Since the electrode element having such a planar laminated structure does not have a portion with a small R (a region close to the core of the concentric winding structure or a folded region corresponding to the end of the flat winding structure), Compared to an electrode element having a rotating structure, there is an advantage that it is less likely to be adversely affected by the volume change of the electrode accompanying charge / discharge. That is, it is effective as an electrode element using an active material that easily causes volume expansion. On the other hand, in an electrode element having a wound structure, since the electrode is curved, the structure is easily distorted when a volume change occurs. In particular, when a negative electrode active material having a large volume change due to charge / discharge, such as silicon oxide, is used, a secondary battery using an electrode element having a wound structure is considered to have a large capacity drop due to charge / discharge. .

  Hereinafter, specific examples according to the present embodiment will be described, but the present embodiment is not limited to these examples.

[Example 1]
(Preparation of negative electrode)

  SiO (trade name: “SIO05PB”, High-Purity Chemical Laboratory Co., Ltd.), carbon black (trade name: “# 3030B”, manufactured by Mitsubishi Chemical Corporation), and polyamic acid (trade name: “U-varnish”) A ”and Ube Industries, Ltd.) were weighed at a mass ratio of 80: 5: 15, respectively. These and n-methylpyrrolidone (NMP) were mixed using a homogenizer to form a slurry. The mass ratio of NMP to solid content was 57:43. The slurry was applied onto a copper foil using a doctor blade. Then, it heated at 120 degreeC for 7 minute (s), and dried NMP. Then, it heated at 350 degreeC for 30 minute (s) using the electric furnace in nitrogen atmosphere, and produced the negative electrode.

  Lithium foil was brought into contact with the negative electrode and kept at 85 ° C. for 8 hours under a nitrogen atmosphere. From the change in weight of the negative electrode, the amount of lithium doped in the negative electrode was determined. The amount of lithium doped per 1 mol of SiO was 1.62 mol.

Thereafter, lithium was electrochemically doped into the negative electrode using a beaker cell. The counter electrode of the beaker cell contains a metal lithium foil, the electrolyte contains 1.0 mol / l LiPF 6 and a mixed solvent of ethylene carbonate and diethyl carbonate (7: 3 (volume ratio)) as a nonaqueous electrolytic solvent. The solution was used. The amount of lithium doped in the negative electrode was determined from the amount of coulomb. The amount of lithium doped per 1 mol of SiO was 1.78 mol.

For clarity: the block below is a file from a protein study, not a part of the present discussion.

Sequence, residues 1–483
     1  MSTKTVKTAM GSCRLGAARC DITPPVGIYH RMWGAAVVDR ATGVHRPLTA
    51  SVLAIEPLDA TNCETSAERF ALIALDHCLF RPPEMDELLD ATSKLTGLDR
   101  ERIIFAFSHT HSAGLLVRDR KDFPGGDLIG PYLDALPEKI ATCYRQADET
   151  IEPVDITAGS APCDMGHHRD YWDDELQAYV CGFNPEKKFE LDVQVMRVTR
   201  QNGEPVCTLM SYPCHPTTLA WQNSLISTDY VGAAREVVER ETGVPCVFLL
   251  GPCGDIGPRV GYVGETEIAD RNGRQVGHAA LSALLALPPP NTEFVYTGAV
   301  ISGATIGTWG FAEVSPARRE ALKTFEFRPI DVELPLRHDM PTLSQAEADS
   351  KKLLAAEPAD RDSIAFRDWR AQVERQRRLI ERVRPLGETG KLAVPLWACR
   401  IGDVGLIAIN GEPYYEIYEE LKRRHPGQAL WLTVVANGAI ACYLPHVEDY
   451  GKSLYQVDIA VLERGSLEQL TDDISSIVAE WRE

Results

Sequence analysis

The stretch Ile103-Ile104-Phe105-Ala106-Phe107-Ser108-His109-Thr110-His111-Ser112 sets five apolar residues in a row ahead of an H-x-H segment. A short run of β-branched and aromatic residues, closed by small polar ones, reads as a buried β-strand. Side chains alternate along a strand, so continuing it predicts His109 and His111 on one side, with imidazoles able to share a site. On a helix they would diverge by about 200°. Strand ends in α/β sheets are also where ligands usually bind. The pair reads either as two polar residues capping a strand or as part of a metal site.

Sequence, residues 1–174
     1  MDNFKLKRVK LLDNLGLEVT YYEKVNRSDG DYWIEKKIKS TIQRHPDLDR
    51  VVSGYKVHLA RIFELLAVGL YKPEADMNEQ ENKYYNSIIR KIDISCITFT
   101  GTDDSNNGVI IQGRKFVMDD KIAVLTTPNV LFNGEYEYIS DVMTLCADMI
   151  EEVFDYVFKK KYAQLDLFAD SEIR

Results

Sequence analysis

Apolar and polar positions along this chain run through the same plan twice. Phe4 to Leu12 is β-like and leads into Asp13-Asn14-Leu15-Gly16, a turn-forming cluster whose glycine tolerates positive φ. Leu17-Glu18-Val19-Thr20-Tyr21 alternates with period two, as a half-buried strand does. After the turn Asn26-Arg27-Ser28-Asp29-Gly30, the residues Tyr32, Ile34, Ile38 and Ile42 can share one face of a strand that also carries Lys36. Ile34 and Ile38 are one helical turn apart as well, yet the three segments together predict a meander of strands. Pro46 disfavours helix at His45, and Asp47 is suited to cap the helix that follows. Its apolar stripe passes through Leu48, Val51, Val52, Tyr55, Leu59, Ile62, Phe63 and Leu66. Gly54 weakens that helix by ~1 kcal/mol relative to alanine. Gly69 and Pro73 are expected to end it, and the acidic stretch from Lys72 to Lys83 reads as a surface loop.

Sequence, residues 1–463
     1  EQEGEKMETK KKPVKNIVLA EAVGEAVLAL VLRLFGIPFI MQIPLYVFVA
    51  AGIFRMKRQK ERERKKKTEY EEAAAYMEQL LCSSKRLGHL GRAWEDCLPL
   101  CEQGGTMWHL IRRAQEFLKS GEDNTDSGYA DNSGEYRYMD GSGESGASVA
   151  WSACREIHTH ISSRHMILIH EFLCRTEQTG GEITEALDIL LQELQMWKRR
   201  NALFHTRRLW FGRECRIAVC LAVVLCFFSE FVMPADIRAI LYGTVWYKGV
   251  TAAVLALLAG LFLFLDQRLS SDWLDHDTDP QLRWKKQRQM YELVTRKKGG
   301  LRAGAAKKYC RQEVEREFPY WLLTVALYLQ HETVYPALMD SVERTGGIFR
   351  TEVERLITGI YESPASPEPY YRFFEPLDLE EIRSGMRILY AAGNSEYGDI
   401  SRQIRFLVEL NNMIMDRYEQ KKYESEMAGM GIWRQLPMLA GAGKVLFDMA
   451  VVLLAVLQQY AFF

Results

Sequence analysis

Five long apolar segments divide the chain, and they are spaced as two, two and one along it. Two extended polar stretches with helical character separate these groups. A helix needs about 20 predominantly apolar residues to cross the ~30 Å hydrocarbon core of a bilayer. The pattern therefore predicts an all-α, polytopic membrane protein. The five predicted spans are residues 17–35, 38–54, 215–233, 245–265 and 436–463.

(Preparation of positive electrode)
Lithium cobaltate (manufactured by Nichia Corporation), carbon black (trade name: “# 3030B”, manufactured by Mitsubishi Chemical Corporation), and polyvinylidene fluoride (trade name: “# 2400”, Co., Ltd.) Kureha) were weighed at a mass ratio of 95: 2: 3, respectively. These and NMP were mixed to form a slurry. The mass ratio of NMP to solid content was 52:48. The slurry was applied to an aluminum foil having a thickness of 15 μm using a doctor blade. The aluminum foil coated with the slurry was heated at 120 ° C. for 5 minutes to dry the NMP, thereby producing a positive electrode.

(Assembly of secondary battery)
An aluminum terminal and a nickel terminal were welded to each of the produced positive electrode and negative electrode. These were overlapped via a separator to produce an electrode element. Note that the masses of the positive electrode and the negative electrode were adjusted so that the lithium doping amount with respect to SiO, which is the negative electrode active material, was an arbitrary value when fully charged. Further, a nickel terminal was welded to a reference electrode in which copper foil and lithium metal were bonded together, and was superimposed on the negative electrode via a separator. The electrode element and the reference electrode were covered with a laminate film, and an electrolyte solution was injected into the laminate film. Thereafter, the laminate film was heat-sealed and sealed while reducing the pressure inside the laminate film. This produced the flat type secondary battery before the first charge. A polypropylene film was used as the separator. As the laminate film, a polypropylene film on which aluminum was deposited was used. As the electrolytic solution, a solution containing 1.0 mol / l LiPF 6 as an electrolyte and a mixed solvent of ethylene carbonate and diethyl carbonate (7: 3 (volume ratio)) as a nonaqueous electrolytic solvent was used.